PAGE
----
Excerpts from the article
I read in Counter-Currents Publishing
(no ellipsis added between unquoted paragraphs):
Over a series of documentary books (and seven novels) Ludovici argued that woman differs from man in mind and function as yin differs from yang. He challenged the view that woman was merely “a peculiar sort of man,” seeing her main, adaptive roles in society as bearing and raising children. Women who abstain from sex for long periods and do not carry out their biological functions of regular pregnancies, childbirth and breast-feeding encounter all manner of physical and psychological problems.
Ludovici opposed contraception. Aside from the obvious step of banning immigration, he proposed three other solutions to prevent the overpopulation of Britain: (1) Anglo-Saxons should emigrate and colonize lands at the expense of “inferior races”; (2) revive the eugenic infanticide of older times; (3) prevent the unfit from marrying. But if Ludovici encouraged large families, he detested the contemporary adulation of children. In The Child: An Adult’s Problem (London, 1948) he explained why. His opposition to birth control for Anglo-Saxons was clearly stated:
It invites a proud people henceforward to pour its seed down the drains instead of multiplying and spreading over the earth... it calls upon a proud conquering and imperial race henceforward to limit its multiplication in order to keep pace with (or rather to keep within the bounds imposed by) such inferior races as Negroes, Eskimos, Mongoloids of all kinds and Negritos, and such mongrel populations as the Levantines, the South Americans and the hybrids of South Africa.
Ludovici admired Jews but greeted the advent of National Socialism with interest. He went to Germany to see the new regime for himself, writing articles for the conservative English Review about the German “miracles” largely concealed from his fellow-countrymen by “rigorous press-censorship.”
Germany’s religious atmosphere and sense of unity amazed him, and he agreed with the dignity the Nazi regime awarded to manual labor, the back-to-the-land movement, the waning of democracy, the idea of art reflecting the soul of a people, and “the concentration upon an ideal of woman as wife, mother and domestic mate.” But he decided that these reforms by Hitler counted as “nothing compared with his innovations in a far more difficult and pitfall-strewn field—the field of human biology.” Ludovici was impressed by the law to prevent hereditary diseases, the eugenics court, and such attempts to breed healthy types as “the biological cream of the SA,” the SS, while stretching tact to the limit in his writings by never mentioning the Nuremberg race laws or the word “Jew.”
As far back as 1913 he had not been as circumspect, when he wrote that England held “an enormous alien population in its midst.” By the time A Defence of Conservatism came out in 1927, he was speculating that, if Britain’s official Jewish population of 300,000 religious observers were to include non-observing Jews and half- and quarter-Jews, the figure would be pumped up to about a million. Needless to say, Ludovici disapproved strongly of Jewish-Gentile intermarriage. He did not disapprove of Edward I’s expulsion of Jews from England in 1290:
A nation with individuality is... a segregated ethnic unit, and... must be protected from the influence of other segregated peoples, whose cultural index, so to speak, must be incompatible and therefore undesirably modifying.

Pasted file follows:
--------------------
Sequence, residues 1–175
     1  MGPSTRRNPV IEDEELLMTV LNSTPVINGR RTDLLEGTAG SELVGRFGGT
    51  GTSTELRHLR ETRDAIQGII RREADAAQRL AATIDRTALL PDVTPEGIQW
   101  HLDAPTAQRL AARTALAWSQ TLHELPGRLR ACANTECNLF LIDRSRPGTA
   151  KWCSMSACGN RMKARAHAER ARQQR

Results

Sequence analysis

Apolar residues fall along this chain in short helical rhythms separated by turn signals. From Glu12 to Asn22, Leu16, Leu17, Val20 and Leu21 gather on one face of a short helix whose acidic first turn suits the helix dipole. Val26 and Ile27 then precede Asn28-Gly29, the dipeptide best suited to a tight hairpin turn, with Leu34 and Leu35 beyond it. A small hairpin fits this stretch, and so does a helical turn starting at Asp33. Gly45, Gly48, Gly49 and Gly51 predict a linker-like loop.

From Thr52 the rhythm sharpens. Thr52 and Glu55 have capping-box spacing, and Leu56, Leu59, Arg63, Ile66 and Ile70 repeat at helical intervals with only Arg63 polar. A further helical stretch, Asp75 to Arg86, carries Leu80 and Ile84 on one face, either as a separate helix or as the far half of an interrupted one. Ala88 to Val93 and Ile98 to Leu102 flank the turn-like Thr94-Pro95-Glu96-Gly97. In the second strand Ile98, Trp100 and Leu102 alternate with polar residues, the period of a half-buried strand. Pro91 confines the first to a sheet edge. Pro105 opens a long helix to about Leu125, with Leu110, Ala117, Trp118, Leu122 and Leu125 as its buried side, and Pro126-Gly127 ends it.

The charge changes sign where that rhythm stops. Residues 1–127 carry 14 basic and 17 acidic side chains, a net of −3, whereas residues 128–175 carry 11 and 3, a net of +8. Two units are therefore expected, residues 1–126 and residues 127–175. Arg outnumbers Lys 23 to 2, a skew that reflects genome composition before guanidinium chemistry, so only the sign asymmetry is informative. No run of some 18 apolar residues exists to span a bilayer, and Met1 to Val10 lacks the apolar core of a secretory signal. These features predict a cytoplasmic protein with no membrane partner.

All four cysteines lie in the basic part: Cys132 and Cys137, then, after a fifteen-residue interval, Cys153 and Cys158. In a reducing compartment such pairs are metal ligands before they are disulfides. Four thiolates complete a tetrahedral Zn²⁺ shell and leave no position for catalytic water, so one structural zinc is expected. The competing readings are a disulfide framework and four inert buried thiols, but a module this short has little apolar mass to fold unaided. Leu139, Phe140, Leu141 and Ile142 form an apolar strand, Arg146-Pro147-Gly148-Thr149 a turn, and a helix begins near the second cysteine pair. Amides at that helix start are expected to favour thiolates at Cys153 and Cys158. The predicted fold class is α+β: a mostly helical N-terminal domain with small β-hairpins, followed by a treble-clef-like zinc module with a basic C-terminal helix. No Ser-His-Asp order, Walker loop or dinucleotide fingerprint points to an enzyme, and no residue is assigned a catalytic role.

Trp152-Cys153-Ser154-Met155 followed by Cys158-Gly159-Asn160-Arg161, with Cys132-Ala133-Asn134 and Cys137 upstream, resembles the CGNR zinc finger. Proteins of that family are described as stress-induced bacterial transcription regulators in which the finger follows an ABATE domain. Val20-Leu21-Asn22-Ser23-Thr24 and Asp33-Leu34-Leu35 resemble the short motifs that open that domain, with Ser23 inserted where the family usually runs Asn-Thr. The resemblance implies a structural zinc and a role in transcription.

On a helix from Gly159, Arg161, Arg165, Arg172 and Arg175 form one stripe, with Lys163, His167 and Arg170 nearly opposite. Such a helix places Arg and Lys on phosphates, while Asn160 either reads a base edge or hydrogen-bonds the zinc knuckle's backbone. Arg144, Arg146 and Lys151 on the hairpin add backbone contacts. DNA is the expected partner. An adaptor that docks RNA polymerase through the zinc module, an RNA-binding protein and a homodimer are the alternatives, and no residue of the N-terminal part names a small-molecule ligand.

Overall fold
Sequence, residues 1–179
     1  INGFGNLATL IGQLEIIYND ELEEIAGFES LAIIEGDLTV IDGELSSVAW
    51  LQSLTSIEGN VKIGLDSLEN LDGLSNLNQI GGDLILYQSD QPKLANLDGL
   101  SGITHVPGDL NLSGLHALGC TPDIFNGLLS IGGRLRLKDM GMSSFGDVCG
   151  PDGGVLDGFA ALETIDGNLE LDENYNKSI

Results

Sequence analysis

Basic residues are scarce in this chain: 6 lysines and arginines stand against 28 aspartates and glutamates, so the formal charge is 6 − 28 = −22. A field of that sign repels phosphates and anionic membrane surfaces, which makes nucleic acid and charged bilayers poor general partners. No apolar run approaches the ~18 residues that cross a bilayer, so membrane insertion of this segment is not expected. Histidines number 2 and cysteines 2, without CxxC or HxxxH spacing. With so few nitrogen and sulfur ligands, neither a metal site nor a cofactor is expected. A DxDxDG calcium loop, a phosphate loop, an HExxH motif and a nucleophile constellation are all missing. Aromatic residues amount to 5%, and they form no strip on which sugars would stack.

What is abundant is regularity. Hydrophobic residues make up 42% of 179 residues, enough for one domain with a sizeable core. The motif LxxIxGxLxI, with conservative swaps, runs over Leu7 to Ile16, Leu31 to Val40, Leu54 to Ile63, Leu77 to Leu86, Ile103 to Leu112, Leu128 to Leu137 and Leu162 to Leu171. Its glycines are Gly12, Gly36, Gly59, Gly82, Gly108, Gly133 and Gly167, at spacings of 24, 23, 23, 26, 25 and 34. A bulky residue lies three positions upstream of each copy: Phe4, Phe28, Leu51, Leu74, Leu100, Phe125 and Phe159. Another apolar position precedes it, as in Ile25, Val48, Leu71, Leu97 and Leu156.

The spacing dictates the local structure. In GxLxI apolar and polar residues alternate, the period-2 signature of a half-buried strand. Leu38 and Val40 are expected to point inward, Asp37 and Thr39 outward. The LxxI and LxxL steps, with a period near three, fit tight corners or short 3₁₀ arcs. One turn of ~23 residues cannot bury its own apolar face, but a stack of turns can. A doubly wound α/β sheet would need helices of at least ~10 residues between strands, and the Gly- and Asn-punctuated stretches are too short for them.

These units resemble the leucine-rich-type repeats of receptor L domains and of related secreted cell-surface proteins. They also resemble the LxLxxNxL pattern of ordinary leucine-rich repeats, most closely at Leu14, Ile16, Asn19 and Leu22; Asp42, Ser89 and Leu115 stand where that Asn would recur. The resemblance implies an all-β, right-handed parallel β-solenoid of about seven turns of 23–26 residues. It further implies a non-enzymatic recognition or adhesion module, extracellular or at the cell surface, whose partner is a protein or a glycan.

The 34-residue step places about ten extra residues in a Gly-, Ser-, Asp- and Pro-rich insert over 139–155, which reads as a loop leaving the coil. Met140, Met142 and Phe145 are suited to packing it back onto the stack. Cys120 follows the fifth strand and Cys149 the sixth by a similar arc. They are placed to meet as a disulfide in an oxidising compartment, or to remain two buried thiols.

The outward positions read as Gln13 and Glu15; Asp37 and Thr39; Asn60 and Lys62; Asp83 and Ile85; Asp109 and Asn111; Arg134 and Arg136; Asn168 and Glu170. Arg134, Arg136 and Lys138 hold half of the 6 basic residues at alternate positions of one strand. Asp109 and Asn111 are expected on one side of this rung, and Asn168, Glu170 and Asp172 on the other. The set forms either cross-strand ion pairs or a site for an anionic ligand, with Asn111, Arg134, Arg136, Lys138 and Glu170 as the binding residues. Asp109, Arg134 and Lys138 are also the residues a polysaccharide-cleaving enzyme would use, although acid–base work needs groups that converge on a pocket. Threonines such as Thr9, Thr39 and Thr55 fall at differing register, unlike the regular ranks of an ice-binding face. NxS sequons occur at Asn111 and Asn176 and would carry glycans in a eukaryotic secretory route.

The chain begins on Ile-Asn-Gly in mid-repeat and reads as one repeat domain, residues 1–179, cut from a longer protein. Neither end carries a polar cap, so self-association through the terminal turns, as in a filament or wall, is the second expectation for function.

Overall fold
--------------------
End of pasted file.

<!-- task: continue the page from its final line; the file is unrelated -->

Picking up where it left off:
Ludovici adopted a nom de guerre, Cobbett, to examine the Jewish question more fully in The Jews, and the Jews in England (London, 1938). (He told his friend, William Gayley Simpson, that using his own name for this book would ruin his career as a writer.) Programmed with this mindset, Jews are “indifferent spectators” to the fate of their Gentile hosts, whom they strive to undermine:
Their influence... tends to impoverish and weaken all local tradition, national character and national identity, when these happen to be at all resistant to alien invasion. And since these factors are integrating forces, it follows that extreme Jewish liberalism atomizes a population, turns each man into an isolated individual, and ultimately culminates in a state bordering on anarchy in which, at the turn of an eyebrow, anarchy becomes a fact.
Lecturing four years later on English Liberalism (London, 1939), he told a sympathetic audience to take heart from the experience of Nazis and Bolsheviks, groups once ridiculed as “contemptible minorities” but who went on to dominate Europe. He used these examples to prove that political, economic and social victories are determined by will. The lesson for us is that, “if any cause is upheld with passion and single-mindedness, it must ultimately prevail, even when congenital... liberals and international manipulators, Jew or Gentile, constitute the organized enemy.”
Modern conservatives have either disowned or forgotten Ludovici. If they knew of his writings, George Bush and Margaret Thatcher, not to mention Milton Friedman, would have to reevaluate their conservative credentials. Ludovici was a conservative from another, vanished world—a world in which such incandescent minds as T. S. Eliot and Lothrop Stoddard could discuss the pros and cons of racial separation, or government by elites, or the Jewish question.
Because conventional politicians have placed a taboo on the older racial and elitist conservatism, the best of it has passed down to pro-Majority activists and thinkers. Although we haven’t yet defeated the “organized enemy,” we have a vital ally, bound and ready for action, in a shelf stacked with Ludovici’s 30 and more published books. Put simply, Anthony Ludovici was an Instaurator before Instauration.
Of course I disagree with “revive the eugenic infanticide of older times”, except if Ludovici had in mind conditions such as Mongolism.
The complete article can be read here.